I was involved in the early stages of the curriculum house and reading the comment about a collaboration with architecture students to help the design, I don't feel this would have helped. The Architectural Technology course is fantastic and although mostly computer and technical based, it has a strong presence of design work. I think the design is great. It was designed entirely around functionality and sustainability. With a design that influenced solar shading. I could go on about the process however. In my opinion and I think I speak for most graduates of the Architectural Technologist course that the course gives a very detailed all round learning of the industry and prepares students for the working environment. To be apart of the curriculum house was an excellent experience and it's definately helped me start my career as an Architectural Technologist.
boaby wan
#9 Posted by boaby wan on 14 May 2015 at 10:12 AM
mark, if you can see around that massive chip on your shoulder, you will see that no one had said "technologists can't design" - there is no denying that this is a great initiative, but to my mind it could be improved with collaboration with a full (student) design team to reflect real world situations and maybe arrive at a more elegant design.
I have worked with lots of technologists in my time and it's fair to say some were great designers, others not so much - almost identical to the experience of other architects. There is nothing "stopping AT's from progressing" apart from the individual.
Michael McGuire
#10 Posted by Michael McGuire on 14 May 2015 at 10:29 AM
Thank you all for your kind comments, they are very much appreciated, and no need to put things delicately, I appreciate all of your feedback.
I have been contacted via twitter directly from this article, and thought I would comment here also.
We don't deliver the traditional architectural technology course at New College Lanarkshire, our custom designed course balances design with building science and computer aided technology. This is only one of a few real world projects our AT students are currently working on, we are planning a youth group cabin for outward bound adventures also. Curriculum House was discussed around three years ago as BRE opened the Innovation Park only half a mile from the college. We felt it was too good an opportunity to miss and the proximity of the park has allowed the students to be heavily involved in the other experimental projects that have been constructed there, which will see a total of nine homes when the park is complete. The drive behind the project was that it had to be designed and built by our students.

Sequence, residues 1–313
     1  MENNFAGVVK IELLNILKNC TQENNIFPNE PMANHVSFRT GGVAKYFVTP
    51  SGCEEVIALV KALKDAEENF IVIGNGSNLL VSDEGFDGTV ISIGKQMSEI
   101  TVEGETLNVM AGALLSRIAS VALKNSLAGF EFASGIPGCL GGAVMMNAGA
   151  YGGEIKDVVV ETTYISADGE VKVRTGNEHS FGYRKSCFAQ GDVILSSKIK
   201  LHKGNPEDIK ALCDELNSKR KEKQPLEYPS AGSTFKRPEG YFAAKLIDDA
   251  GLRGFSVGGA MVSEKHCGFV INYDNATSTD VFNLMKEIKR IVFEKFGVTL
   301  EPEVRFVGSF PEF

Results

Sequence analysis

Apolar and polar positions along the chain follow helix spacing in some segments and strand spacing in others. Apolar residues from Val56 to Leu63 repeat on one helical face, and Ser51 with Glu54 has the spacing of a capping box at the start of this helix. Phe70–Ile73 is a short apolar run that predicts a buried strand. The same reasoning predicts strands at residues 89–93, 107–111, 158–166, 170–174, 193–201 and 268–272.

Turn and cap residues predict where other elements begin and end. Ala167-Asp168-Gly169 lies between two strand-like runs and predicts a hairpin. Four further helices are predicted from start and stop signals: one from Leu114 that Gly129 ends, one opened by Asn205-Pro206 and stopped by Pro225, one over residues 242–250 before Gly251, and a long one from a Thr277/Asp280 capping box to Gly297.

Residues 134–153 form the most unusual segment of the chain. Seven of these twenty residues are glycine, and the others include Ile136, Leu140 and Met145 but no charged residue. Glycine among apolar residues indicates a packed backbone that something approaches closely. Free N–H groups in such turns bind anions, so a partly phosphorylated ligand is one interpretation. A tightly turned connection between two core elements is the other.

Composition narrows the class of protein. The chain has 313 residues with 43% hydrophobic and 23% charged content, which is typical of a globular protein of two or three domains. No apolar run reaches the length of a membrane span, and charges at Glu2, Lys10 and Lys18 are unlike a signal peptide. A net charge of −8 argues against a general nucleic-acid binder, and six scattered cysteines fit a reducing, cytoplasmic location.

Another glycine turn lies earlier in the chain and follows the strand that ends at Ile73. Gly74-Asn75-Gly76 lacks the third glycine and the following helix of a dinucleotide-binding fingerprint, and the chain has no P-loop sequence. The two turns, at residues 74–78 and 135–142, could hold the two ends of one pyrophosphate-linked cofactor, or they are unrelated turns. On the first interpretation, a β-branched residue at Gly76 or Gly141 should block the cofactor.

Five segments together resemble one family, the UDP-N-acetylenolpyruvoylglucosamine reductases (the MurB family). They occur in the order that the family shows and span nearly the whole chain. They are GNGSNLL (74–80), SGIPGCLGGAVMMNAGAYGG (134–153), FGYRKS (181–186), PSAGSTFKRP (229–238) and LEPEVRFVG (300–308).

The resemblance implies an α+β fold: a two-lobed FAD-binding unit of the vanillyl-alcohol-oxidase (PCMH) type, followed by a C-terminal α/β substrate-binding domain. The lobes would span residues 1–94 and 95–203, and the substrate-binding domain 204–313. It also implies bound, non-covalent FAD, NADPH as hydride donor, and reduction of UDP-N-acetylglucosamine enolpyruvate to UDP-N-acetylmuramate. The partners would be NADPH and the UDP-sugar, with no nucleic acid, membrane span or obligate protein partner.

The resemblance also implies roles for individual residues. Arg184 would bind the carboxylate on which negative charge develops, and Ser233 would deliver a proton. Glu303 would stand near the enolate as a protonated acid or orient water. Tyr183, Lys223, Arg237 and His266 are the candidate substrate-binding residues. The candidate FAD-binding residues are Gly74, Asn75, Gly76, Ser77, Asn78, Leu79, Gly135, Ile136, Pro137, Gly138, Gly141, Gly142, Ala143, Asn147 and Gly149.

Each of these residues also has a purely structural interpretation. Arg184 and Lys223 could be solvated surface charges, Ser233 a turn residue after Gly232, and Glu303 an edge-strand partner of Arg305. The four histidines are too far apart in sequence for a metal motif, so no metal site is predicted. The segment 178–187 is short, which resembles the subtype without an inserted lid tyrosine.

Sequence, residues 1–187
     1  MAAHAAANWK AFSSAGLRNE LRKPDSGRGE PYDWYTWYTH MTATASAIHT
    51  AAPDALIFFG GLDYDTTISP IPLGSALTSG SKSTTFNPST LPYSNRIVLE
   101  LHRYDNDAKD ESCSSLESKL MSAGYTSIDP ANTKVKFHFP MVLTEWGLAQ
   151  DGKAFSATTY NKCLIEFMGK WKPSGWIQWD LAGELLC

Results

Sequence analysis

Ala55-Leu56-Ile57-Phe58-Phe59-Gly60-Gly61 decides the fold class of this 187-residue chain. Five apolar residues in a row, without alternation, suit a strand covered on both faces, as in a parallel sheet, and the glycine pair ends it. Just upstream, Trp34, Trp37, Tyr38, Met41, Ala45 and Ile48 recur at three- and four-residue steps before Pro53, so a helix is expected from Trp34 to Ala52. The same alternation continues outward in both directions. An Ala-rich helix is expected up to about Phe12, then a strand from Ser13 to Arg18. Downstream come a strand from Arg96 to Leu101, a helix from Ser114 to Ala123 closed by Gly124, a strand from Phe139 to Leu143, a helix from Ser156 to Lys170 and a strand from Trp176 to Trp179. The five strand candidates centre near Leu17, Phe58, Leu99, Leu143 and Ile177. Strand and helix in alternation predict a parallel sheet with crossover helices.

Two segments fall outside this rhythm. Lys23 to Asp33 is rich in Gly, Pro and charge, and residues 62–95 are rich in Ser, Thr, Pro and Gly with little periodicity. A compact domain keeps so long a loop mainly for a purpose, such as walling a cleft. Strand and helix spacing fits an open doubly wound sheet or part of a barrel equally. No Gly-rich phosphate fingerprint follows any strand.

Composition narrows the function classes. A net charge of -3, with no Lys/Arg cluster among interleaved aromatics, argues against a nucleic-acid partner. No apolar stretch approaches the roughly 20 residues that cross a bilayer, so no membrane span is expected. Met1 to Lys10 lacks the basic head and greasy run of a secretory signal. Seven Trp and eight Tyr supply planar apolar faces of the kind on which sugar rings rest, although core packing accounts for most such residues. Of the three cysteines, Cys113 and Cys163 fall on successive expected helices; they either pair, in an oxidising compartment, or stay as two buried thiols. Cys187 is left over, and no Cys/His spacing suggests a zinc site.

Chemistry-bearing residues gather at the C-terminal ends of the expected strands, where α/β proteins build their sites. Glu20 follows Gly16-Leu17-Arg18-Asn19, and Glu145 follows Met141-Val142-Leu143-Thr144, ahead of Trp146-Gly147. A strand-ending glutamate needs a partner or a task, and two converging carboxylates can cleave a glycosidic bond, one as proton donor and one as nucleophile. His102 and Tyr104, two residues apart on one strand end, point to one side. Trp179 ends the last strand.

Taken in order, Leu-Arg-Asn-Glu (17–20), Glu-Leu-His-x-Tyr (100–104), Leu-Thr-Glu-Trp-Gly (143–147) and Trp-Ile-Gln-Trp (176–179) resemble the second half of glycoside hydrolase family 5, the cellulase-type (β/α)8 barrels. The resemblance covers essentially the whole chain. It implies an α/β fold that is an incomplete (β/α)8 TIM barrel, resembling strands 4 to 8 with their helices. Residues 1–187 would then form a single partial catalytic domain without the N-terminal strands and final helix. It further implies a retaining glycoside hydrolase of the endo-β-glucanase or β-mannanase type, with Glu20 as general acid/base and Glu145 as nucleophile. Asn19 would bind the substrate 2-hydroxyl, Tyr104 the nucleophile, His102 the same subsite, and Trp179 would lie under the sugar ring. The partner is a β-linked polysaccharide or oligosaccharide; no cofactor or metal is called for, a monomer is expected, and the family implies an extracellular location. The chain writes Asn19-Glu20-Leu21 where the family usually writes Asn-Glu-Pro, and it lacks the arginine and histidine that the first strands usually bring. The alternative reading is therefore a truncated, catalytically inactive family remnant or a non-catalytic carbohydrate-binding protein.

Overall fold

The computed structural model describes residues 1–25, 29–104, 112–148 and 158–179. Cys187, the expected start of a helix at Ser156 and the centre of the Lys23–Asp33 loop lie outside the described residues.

As we are a community college, many of our students live in areas of deprivation are come to us straight from school with few or no higher qualifications. Many of them had no qualifications at all leaving school, and started on our NC course, which upon completion allowed them to progress onto the HNC.
The design, planning and building control submission was to be a year 1 and 2 AT project, while the construction would be handled by the students in the construction faculty of our college. This was a major influence in how the shape of the building developed. Nothing too organic or far from vernacular as the construction courses focus on traditional construction. It had to be built by young pre-apprentice and apprentice students. The other main influence was in the companies who were willing to partner us. We had little budget, so we couldn’t simply design anything, it had to meet the budget and suit the systems available to us.
Personally I am very proud to have been involved in the project with this group of students who constantly amazed me in how they approached not only the design, but in choosing the wall / floor systems etc, even the air handling and heating systems. They invited the companies into college and convinced them to partner us in this project and challenged planning and building control when they saw fit, and amending their drawings when they didn't win :) (life lessons learned at times).